Community College of Vermont focuses on building an endowment

  • Hannah Young, 19, of Thetford, helps Bruce Scott Jr., of West Lebanon, with a paper at Community College of Vermont in Wilder, Vt., Thursday, Dec. 12, 2019. Young is a 2018 graduate of Thetford Academy and plans to attend Northern Vermont University in Lyndon, Vt., to study English and writing after completing four semesters in liberal studies at CCV. (Valley News - James M. Patterson) Copyright Valley News. May not be reprinted or used online without permission. Send requests to Valley New photographs — James M. Patterson

  • Hannah Young, 19, of Thetford, erases her posted tutoring hours as her last day of work for the semester nears its end at Community College of Vermont in Wilder, Vt., Thursday, Dec. 12, 2019. Young tutored writing for seven hours a week in addition to her five classes this semester. (Valley News - James M. Patterson) Copyright Valley News. May not be reprinted or used online without permission. Send requests to

  • Hannah Young, 19, of Thetford, works with fellow student Bruce Scott Jr., of West Lebanon, on a works-cited page for a paper during her work-study job as a writing tutor at Community College of Vermont in Wilder, Vt., Thursday, Dec. 12, 2019. Young also receives a scholarship available through the CCV endowment. (Valley News - James M. Patterson) Copyright Valley News. May not be reprinted or used online without permission. Send requests to Valley News — James M. Patterson

Valley News Staff Writer
Published: 12/16/2019 6:38:32 PM
Modified: 12/19/2019 11:18:06 AM

Community colleges often bill themselves as stepping stones to larger institutions and ambitions. That strategy may work well to get students in the door, but when it comes to fundraising, there’s a problem: Graduates tend to donate to the schools that handed them a degree, which is often the four-year colleges where they continued their educations.

As a result, community colleges lack the endowments, which provide investment income to support their programs, that many four-year colleges and universities have amassed.

In recent years, however, Community College of Vermont has gotten in on the game. The school, which serves about 5,000 students per semester at 12 centers around Vermont, including its Upper Valley location in Wilder, has built up its endowment to about $2.2 million over the past 20 years.

Compared with Dartmouth College, which boasts an endowment of $5.7 billion, that’s pocket change. The University of Vermont has an endowment of $566 million. But CCV administrators say the endowments, which go primarily toward student scholarships, have a big impact.

“Small amounts of money can make a huge difference to students,” CCV President Joyce Judy said in a telephone interview earlier this month.

Endowments are donated funds that are often earmarked for specific purposes. Institutions invest the funds and spend the proceeds, usually according to a specified formula designed to continue growing the principal.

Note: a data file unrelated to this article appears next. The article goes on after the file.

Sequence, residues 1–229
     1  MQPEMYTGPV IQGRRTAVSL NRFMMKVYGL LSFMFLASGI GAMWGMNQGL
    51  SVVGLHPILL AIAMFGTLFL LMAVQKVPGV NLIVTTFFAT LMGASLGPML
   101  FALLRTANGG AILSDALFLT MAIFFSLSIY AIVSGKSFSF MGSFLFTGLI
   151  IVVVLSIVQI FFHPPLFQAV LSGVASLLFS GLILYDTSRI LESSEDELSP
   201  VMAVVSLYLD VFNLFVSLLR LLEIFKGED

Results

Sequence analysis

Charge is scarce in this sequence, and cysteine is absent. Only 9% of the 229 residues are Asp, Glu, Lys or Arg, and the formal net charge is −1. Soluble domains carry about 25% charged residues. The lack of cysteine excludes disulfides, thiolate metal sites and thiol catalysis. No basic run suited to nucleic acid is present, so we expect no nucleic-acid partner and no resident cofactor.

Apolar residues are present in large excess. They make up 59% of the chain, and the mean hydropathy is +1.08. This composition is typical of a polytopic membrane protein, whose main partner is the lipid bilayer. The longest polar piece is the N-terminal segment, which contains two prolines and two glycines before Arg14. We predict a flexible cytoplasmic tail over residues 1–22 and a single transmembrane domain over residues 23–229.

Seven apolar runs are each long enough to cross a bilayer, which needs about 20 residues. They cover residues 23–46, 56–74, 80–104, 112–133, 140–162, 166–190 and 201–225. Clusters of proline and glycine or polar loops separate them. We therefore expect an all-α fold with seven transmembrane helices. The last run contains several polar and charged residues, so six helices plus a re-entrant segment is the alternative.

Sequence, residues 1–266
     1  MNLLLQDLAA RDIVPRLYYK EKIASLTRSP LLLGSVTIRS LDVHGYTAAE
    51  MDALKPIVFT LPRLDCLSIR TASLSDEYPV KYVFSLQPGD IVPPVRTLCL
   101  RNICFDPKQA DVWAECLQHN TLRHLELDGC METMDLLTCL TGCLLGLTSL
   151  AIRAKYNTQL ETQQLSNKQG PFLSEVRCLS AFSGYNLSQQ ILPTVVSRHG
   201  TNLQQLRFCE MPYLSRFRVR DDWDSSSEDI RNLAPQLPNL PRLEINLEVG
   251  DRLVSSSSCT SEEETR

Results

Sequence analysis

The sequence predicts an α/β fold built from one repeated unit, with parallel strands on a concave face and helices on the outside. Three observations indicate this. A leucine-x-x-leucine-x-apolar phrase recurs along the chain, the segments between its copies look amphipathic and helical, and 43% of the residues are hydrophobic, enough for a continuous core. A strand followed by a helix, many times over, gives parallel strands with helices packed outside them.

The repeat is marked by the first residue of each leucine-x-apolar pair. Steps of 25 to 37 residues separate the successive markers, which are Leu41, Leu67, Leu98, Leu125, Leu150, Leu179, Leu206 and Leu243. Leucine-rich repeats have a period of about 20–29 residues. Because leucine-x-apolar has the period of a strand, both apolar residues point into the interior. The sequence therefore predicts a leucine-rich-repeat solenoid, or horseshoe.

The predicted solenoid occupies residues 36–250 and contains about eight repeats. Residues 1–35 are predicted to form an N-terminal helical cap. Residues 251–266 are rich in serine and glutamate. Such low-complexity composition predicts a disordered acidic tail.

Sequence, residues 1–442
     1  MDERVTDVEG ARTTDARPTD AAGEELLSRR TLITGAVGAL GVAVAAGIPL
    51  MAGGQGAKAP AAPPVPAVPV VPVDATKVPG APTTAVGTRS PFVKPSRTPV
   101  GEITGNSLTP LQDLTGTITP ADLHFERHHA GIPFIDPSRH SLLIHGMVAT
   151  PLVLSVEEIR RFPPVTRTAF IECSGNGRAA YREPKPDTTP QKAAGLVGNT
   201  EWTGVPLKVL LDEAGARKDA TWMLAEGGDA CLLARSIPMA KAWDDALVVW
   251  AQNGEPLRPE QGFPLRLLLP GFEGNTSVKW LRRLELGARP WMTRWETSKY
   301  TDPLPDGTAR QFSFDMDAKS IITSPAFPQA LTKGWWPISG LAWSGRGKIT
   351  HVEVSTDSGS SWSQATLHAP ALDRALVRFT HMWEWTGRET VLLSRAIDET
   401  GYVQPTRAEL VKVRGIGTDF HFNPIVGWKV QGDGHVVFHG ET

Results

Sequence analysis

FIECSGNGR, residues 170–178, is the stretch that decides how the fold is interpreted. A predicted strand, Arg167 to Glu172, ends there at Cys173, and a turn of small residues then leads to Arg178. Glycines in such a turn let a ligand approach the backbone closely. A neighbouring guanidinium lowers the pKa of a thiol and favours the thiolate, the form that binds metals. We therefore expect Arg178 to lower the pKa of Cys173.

Since community colleges lack the pricey amenities of many four-year schools — few have fancy sports stadiums and many don’t even have dormitories — donations can directly benefit students, Judy said. “We really are laser-focused on scholarships for our students,” she said.

CCV’s Endowment for Student Success, its first and by far its largest endowment fund, was established 20 years ago by a $25,000 gift from former Vermont State College trustee Jan Gilette.

“We sort of played around in the development arena and didn’t really get serious about it for a while,” Judy said. “We really have gotten much more serious about it in the last 10 years.”

That fund now contains about $1.1 million and will provide $50,000 in scholarships in 2020. As the college celebrates its 50th anniversary this year, officials are aiming to further beef up the fund.

“We’re using this as an opportunity to approach businesses and organizations who we’ve helped,” Judy said. “When we touch 10,000 Vermonters a year, it’s hard to find places that don’t have some connection to CCV. ... Our challenge is making sure we’re out in the community talking about it.”

That broad approach is important. At four-year colleges, alumni giving accounts for a sizable chunk of endowment funds. At community colleges, that’s not the case.

“Alums tend to give to the school where they have earned their final degree, and we tend to be at the front end of people’s education,” Judy said.

What’s more, community colleges tend to serve populations of lesser means, who have less money to give.

Nationally, community colleges receive only 1.5 percent of total private donations in higher education, even though they serve approximately 50 percent of all students pursuing post-secondary degrees. That’s according to a recent editorial by Dan Smith, president and CEO of the Middlebury-based Vermont Community Foundation, one of CCV’s biggest donors. He argues that community colleges like CCV offer the most promising mechanisms for closing the opportunity gap by granting disadvantaged populations access to higher education and, in turn, viable careers.